In contrast, the vagal and sacral NC destined to contribute to the ENS did not migrate to the gut. There are several possibilities for the loss of this sub-lineage of NC. One hypothesis is that there may be expression of closely related Fox genes in the cranial and cardiac NC but no such compensating family members expressed in the trunk NC caudal to somite 7. A second hypothesis is that ENS progenitors underwent selective cell death in the dorsal neural tube while NC destined to populate the DRGs were maintained. There are no molecular markers to distinguish these lineages prior to migration so we cannot test this hypothesis directly. A third possibility is that NC that underwent apoptosis in the dorsal neural tube were unspecified and the selective loss of the ENS-NC is because this lineage must migrate farther than others. Therefore a general loss in progenitor cell number might affect the ENS-crest more severely. A fourth possibility is that Foxd3−/− NC might not be able to enter the foregut (Fig. 6C compared to D). It has been demonstrated that vagal and sacral NC, unlike the rest of the trunk NC, possess a unique ability to enter the gut mesentery (Serbedzija et al., 1991). Recent studies suggest this difference might be at least partially explained by the expression of axon guidance molecules Slit and Robo on vagal NC (De Bellard et al., 2003). In contrast to our results, mice lacking members of the glial cell line-derived neurotrophic factor signaling pathway have enteric neurons in the anterior ENS (Cacalano et al., 1998; Pichel et al., 1996; Sanchez et al., 1996) while mutations in Endothelin-3 or Endothelin Receptor B cause the loss of ENS only in the distal colon (Baynash et al., 1994; Hosoda et al., 1994). In Phox2b−/− embryos, there is an initial migration of vagal NC into the proximal gut mesentery, but these progenitors are not maintained leaving the entire gut without innervation (Pattyn et al., 1999). In fact, the only other mouse model lacking the entire ENS is Sox10Dom/Dom (Kapur, 1999; Southard-Smith et al., 1998) and it is interesting to note that Sox10 is one of the genes severely downregulated in Foxd3−/− mutant embryos (Fig. 3C arrowheads). One final hypothesis, not mutually exclusive of those suggested above, is that while Foxd3 appears to be equally expressed throughout the early premigratory crest, it might be differentially required in specific subpopulations of the crest.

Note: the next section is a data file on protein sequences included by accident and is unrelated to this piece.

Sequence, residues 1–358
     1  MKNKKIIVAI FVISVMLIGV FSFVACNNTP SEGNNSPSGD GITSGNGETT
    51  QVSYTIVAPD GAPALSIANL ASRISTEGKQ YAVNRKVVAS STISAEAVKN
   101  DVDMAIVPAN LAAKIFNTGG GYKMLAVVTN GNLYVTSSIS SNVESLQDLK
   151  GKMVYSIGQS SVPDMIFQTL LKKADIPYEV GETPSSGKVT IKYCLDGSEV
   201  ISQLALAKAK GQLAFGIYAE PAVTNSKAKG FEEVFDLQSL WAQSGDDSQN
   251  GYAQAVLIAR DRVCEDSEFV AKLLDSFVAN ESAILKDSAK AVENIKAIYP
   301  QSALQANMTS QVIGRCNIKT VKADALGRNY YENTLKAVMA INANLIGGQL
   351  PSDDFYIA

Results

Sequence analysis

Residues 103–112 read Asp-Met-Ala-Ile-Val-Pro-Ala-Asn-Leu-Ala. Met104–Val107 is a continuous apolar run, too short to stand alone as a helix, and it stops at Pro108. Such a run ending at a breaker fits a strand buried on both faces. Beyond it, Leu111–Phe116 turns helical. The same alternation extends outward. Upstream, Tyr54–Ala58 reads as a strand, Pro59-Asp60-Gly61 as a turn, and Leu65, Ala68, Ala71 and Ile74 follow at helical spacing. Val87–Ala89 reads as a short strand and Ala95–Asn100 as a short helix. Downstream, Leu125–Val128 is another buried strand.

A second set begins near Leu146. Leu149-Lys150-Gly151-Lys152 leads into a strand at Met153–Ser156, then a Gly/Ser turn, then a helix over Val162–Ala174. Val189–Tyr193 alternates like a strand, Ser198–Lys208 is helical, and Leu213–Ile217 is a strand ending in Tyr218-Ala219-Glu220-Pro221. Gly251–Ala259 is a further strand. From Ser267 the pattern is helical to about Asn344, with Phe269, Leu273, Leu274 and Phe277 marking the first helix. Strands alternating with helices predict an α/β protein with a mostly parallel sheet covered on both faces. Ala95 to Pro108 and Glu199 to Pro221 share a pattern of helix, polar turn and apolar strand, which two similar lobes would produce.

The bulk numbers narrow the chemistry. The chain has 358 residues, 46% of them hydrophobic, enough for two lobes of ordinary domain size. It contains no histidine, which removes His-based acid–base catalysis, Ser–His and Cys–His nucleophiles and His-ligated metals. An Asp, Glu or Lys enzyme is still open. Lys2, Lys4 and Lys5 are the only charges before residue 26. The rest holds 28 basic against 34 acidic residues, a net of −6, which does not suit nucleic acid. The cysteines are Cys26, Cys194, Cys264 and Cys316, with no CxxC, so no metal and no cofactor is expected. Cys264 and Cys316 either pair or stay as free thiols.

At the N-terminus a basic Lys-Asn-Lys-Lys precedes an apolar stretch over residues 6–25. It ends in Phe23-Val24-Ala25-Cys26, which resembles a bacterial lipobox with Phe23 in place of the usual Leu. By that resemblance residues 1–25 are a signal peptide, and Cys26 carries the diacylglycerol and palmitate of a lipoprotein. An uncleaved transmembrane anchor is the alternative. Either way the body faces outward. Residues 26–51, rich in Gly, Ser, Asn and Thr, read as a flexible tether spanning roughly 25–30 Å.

Our surprising results showing the minimal phenotype of the mutant cardiac NC supports this last hypothesis. The cardiac crest normally migrates into PA 3, 4 and 6, eventually contributing to the cardiac outflow tract and the aorticopulmonary septum. There is a striking reduction of cardiac NC in PA 3, 4 and 6 in mutant embryos compared to controls (Figs 3A and 5 A–D). However, this greatly reduced population of cardiac NC migrates into the heart field and even though there are far fewer cells (mutants contained 18% the volume of NC compared to controls by lineage label), this reduced number can effectively septate the outflow tract in most cases. We did not observe alterations from the wild type pattern of proliferation as monitored by phosphorylated histone 3 protein at 9.5 dpc. This suggests that the extent of migration of the cardiac NC, rather than the number of cardiac NC cells, is crucial for their ability to effectively septate the outflow tract. One of our future goals is to understand molecular differences between the cardiac NC, which can overcome the loss of Foxd3, and the rest of the NC lineage that is dependent on this transcription factor.